Happy May! Here is a list of some important historical dates for the month for teachers, students and administrators.
May 1, 1960 – An American U-2 spy plane was shot down over Sovietl Russia on the eve of a summit meeting between President Dwight D. Eisenhower and Soviet Russia’s Premier Nikita Khrushchev. The sensational incident caused a cancellation of the meeting and heightened existing Cold War tensions.
May 2, 2011 – U.S. Special Operations Forces killed Osama bin Laden during a raid on his secret compound in Abbottabad, Pakistan. Osama bin Laden was behind the coordinated attacks in the United States on September 11,2001.
May 3, 1802 – Washington, D.C. was incorporated as a city.
May 4, 1970 – At Kent State University, four students were killed by National Guardsmen who opened fire on a crowd of students protesting President Richard Nixon’s decision to invade Cambodia.
May 5, 1961 – Alan Shepard became the first American in space. He piloted the spacecraft Freedom 7 during a 15-minute 28-second suborbital flight that reached an altitude of 116 miles above the earth.
May 6, 1937 – The German airship Hindenburg burst into flames at 7:20 p.m. as it neared the mooring mast at Lakehurst, New Jersey, following a trans-Atlantic voyage.
May 7, 1915 – The British passenger ship Lusitania was torpedoed by a German submarine off the coast of Ireland;198 passengers died, including 114 Americans. The attack accelerated neutral America’s entry into World War I.
May 8, 1942 – During World War II in the Pacific, the Battle of the Coral Sea began in which Japan would suffer its first defeat of the war.
May 9, 1862 – During the American Civil War, General David Hunter, Union Commander of the Department of the South, issued orders freeing the slaves in South Carolina, Florida, and Georgia.
May 10, 1869 – The newly constructed tracks of the Union Pacific and Central Pacific railways were first linked at Promontory Point, Utah with a golden spike.
May 11, 1888 – Songwriter Irving Berlin was born (as Israel Isidore Baline) in Tyumen, Russia. He became one of America’s greatest songwriters, best known for songs such as God Bless America, White Christmas, and There’s No Business Like Show Business.
May 12, 1820 – British nurse and public health activist Florence Nightingale was born in Florence, Italy. She contributed to the development of modern nursing procedures, and emphasized the dignity of nursing as a profession for women.
May 13, 1846 – At the request of President James K. Polk, Congress declared war on Mexico. The controversial struggle eventually cost the lives of 11,300 U.S. soldiers and resulted in the annexation of lands that became parts of Oklahoma, New Mexico, Arizona, Nevada, California, Utah, and Colorado.
May 14, 1804 – Meriwether Lewis and William Clark departed St. Louis on their expedition to explore the Northwest.
May 15, 1972 – George Wallace was shot while campaigning for the presidency in Laurel, Maryland. As a result, Wallace was permanently paralyzed from the waist down.
May 16, 2011 – NASA Space shuttle Endeavour launched for its final commission in space.
May 17, 1954 – In Brown v. Board of Education, the U.S. Supreme Court unanimously ruled that segregation of public schools “solely on the basis of race” denied African American children “equal educational opportunity.”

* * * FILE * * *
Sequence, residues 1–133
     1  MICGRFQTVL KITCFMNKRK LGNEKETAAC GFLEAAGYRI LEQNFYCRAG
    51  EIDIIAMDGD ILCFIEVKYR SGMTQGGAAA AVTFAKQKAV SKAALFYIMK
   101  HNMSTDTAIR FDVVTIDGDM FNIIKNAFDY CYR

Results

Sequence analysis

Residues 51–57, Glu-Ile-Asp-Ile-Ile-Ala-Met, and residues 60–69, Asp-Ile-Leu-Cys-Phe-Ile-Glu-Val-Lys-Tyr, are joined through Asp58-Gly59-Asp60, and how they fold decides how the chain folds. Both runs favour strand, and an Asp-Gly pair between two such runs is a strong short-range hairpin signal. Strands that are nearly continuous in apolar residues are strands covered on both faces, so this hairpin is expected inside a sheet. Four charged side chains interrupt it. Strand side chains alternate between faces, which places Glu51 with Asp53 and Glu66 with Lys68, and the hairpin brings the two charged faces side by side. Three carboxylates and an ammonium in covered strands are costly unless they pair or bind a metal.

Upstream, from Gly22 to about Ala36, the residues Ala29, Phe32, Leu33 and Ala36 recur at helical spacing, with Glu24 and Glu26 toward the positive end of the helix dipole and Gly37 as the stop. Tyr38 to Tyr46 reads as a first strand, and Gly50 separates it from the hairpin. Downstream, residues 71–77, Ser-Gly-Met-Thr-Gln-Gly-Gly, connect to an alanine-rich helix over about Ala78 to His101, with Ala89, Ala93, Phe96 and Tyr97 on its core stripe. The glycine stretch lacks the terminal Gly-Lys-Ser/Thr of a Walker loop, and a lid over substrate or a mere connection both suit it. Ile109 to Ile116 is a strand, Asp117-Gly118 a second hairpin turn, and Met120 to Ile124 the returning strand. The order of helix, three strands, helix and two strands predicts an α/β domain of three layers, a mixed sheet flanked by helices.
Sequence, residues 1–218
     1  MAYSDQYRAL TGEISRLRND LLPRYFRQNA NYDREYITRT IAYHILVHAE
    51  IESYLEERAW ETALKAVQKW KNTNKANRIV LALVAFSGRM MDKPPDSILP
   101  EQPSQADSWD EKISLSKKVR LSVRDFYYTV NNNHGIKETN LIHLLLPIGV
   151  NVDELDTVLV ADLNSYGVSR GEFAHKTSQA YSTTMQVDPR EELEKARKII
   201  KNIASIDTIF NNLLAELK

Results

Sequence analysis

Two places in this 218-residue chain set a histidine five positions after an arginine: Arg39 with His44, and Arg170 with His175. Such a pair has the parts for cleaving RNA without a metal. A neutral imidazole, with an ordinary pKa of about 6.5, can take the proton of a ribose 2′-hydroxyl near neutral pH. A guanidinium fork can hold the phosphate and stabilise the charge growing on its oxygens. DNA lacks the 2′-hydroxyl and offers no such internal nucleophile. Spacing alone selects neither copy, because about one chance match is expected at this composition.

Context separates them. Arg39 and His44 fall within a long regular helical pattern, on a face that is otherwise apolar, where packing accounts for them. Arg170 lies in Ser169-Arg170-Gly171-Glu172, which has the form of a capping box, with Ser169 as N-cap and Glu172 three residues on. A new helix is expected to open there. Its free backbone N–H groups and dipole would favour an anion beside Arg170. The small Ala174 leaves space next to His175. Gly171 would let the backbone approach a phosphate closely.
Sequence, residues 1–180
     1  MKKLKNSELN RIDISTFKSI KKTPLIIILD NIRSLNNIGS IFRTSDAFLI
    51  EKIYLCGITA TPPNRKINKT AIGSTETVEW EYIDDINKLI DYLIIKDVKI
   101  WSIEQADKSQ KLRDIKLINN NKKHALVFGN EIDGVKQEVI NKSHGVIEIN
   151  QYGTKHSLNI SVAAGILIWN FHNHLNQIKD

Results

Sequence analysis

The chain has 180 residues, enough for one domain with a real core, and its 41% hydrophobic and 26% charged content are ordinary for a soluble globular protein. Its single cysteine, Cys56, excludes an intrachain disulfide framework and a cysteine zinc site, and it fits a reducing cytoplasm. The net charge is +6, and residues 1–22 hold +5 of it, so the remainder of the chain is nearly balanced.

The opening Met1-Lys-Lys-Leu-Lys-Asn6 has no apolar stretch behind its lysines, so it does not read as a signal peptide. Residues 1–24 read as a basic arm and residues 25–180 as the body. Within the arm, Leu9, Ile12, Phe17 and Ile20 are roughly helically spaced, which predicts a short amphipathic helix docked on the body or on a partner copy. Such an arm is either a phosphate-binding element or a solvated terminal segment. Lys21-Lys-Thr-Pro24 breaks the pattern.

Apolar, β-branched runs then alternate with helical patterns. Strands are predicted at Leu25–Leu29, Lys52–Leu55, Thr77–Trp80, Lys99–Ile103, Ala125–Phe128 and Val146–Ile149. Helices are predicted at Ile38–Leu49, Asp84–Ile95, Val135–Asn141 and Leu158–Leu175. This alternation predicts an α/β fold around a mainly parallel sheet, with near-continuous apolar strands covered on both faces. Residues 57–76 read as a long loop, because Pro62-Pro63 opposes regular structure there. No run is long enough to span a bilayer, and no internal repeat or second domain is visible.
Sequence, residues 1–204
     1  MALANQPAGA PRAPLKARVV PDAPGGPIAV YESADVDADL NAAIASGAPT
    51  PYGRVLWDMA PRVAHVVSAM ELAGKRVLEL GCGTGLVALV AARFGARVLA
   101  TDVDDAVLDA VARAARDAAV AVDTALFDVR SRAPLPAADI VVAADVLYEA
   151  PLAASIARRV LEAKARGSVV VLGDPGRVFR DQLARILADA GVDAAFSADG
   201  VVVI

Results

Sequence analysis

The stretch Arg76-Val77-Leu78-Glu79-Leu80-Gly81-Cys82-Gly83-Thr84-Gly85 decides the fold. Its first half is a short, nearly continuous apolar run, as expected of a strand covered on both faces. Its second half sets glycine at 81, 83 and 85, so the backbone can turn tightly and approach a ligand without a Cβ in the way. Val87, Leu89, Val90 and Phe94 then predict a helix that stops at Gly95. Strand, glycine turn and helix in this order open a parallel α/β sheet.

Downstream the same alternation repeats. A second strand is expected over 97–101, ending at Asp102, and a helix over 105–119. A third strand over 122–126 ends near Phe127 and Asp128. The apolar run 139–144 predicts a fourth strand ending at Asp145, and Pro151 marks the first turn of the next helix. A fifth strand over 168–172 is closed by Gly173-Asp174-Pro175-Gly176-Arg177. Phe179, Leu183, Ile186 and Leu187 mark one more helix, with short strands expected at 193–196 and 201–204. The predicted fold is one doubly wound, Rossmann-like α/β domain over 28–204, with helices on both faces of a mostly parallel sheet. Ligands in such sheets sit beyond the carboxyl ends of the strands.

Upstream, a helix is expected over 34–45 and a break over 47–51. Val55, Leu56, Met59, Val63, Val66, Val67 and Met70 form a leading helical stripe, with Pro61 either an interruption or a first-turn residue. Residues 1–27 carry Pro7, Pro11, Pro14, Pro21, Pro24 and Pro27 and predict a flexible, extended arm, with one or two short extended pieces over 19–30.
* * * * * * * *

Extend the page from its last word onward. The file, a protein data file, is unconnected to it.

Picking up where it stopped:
May 18, 1804 – Napoleon Bonaparte became Emperor of France, snatching the crown from the hands of Pope Pius VII during the actual coronation ceremony, and then crowning himself.
May 19, 1925 – African American nationalist and civil rights activist Malcolm X was born in Omaha, Nebraska. While in prison, he adopted the Islamic religion and after his release in 1952, worked for the Nation of Islam.
May 20, 1932 – Amelia Earhart became the first woman to fly solo across the Atlantic. She departed Newfoundland, Canada, and landed near Londonderry, Ireland, completing a 2,026-mile flight in about 13 hours.
May 21, 1881 – The American Red Cross was founded by Clara Barton. The organization today provides volunteer disaster relief in the U.S. and abroad.
May 22, 1972 – President Richard Nixon became the first American president to visit Moscow.
May 23, 1430 – Joan of Arc is captured at Compiegne and sold to the English.
May 24, 1844 – Telegraph inventor Samuel Morse sent the first official telegraph message, “What hath God wrought?” from the Capitol building in Washington, D.C. to Baltimore.
May 25, 1787 – The Constitutional Convention began in Philadelphia with delegates from seven states, forming a quorum.
May 26, 1878 – Interpretive dancer Isadora Duncan was born in San Francisco. She revolutionized the entire concept of dance by developing a free-form style and rebelled against tradition, performing barefoot in a loose fitting tunic.
May 27, 1937 – In San Francisco, 200,000 people celebrated the grand opening of the Golden Gate Bridge by strolling across it.
May 28, 1961 – Amnesty International was founded by London lawyer Peter Berenson. He read about the arrest of a group of students in Portugal, then launched a one-year campaign to free them called Appeal for Amnesty.
May 29, 1865 – Following the American Civil War, President Andrew Johnson issued a proclamation granting general amnesty to Confederates.
May 30, 1783 – The Pennsylvania Evening Post became the first daily newspaper published in America.
May 31, 1819 – American poet Walt Whitman was born in Long Island, New York. His poem Leaves of Grass is considered an American classic. His poetry celebrated modern life and took on subjects considered taboo at the time.